Saturday, October 18, 2014

Saturday Recipe

This sounds easy and full of taste.

Mustard Chicken

 Ten Dollar Dinners:  Melissa d'Arabian

Using Dijon mustard is very common in classic French cooking. It’s a flavorful way to build an elegant and interesting sauce for very little expense. Bold Dijon mustard gives the sauce for braised chicken depth and character and a surprising creaminess. If you don’t already have Dijon mustard in your pantry, it’s a worthy addition to your shopping list. 
 Mustard Chicken photo
Serves 4



  • 1 1/2 pounds chicken thighs (about
  • 8), rinsed and patted dry
  • 1/2 teaspoon kosher salt
  • 1/4 teaspoon ground black pepper
  • 2 tablespoons olive oil
  • 1 onion, finely chopped
  • 1/4 pound white button mushrooms, quartered
  • 3 garlic cloves, finely minced or pressed through a garlic press
  • 1 tomato, cored, halved, and chopped, or 3/4 cup canned chopped tomatoes
  • 1 tablespoon all-purpose flour
  • 1 teaspoon dried tarragon
  • 1/2 cup dry white wine
  • 1 cup chicken broth, plus extra if needed
  • 1/4 cup Dijon mustard
  • 2 tablespoons sour cream


  • 1 Preheat the oven to 350°F. Place the chicken on a cutting board and remove and discard the skin. Season the meat with the salt and pepper. Heat 1 tablespoon of the olive oil in a heavy-bottomed pot or Dutch oven over medium-high heat. Add the thighs, smooth side down, and cook until browned, about 4 minutes. Turn over the thighs and brown the other side, about 3 minutes more. Transfer the chicken to a plate and set aside.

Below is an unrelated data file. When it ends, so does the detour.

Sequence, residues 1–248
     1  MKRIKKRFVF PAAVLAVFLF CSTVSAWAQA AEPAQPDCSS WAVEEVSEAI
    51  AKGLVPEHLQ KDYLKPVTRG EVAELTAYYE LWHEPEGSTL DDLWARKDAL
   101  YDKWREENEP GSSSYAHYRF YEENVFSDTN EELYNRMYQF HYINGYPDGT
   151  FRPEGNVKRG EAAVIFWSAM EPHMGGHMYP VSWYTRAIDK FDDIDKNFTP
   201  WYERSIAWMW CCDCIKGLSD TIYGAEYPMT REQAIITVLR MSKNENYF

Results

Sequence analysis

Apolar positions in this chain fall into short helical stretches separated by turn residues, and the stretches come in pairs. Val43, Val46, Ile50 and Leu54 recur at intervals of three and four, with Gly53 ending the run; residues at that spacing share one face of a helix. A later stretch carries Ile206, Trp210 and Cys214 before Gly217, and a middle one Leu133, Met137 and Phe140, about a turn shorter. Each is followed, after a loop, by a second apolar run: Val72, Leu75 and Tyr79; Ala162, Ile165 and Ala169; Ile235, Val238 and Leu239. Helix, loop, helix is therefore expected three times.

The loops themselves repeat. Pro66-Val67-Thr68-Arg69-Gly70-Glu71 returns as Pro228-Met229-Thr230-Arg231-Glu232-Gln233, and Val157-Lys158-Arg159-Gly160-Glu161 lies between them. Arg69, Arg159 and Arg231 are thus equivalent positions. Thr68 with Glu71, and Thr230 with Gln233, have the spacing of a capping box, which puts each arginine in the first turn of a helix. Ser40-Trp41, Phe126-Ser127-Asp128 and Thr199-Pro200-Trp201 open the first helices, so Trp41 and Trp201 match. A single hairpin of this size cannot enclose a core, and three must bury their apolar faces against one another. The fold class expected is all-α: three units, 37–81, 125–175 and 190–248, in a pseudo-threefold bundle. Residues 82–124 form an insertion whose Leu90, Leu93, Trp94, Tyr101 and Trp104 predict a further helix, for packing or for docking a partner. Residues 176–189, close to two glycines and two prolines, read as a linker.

• 2 Add the remaining 1 tablespoon olive oil along with the onion and cook until soft, stirring occasionally, for about 5 minutes. Stir in the mushrooms and continue to cook until the mushrooms are soft, 3 to 5 minutes. Add the garlic and cook until fragrant, 1 to 2 minutes, and then add the tomato and flour and cook, stirring, until the tomato begins to break down, about 3 minutes. Stir in the tarragon. Raise the heat and pour in the wine, letting it simmer for 1 minute before returning the chicken to the pot. Pour in enough broth to reach halfway up the sides of the chicken, then cover the pot and place it in the oven to braise, until the chicken pulls away from the bone easily, about 45 minutes, removing the lid halfway through cooking.
  • 3 Remove the pot from the oven, use tongs to transfer the chicken to a plate, and set aside. Add the mustard and sour cream (if using) to the sauce and stir to combine. Then return the chicken to the pot and cook for about 5 minutes to bring the flavors together before serving.
Have a great weekend


  1. Hi Jo - couldn't agree more re mustard ... I now-a-days don't use it often, but do have Dijon mustard ready to go ... A good casserole just makes Autumn evenings have a good end ... cheers Hilary

    1. I love rabbit with mustard. Haven't eaten that in years though, not since I lived in Kent.

  2. This sounds great! I'd use chicken breasts though b/c I don't eat dark meat. I used to get a fabulous Dijon Chicken at my fave restaurant in Tacoma, WA, all the time. My friend and coworker, who cooks, reverse engineered it and wrote down how she thought it was made. She did a great job figuring it out b/c what I make sure tastes like the restaurant's!

    1. Pity JoJo, dark meat is so full of flavour. Sounds like you have a good recipe anyway.

  3. I love cooking with mustard. It adds great flavor and it's good - or at least not at all bad - for you.

    1. You are right Robyn. It isn't bad for you.

  4. I like using different mustards for marinating meats. Adds such a nice flavor.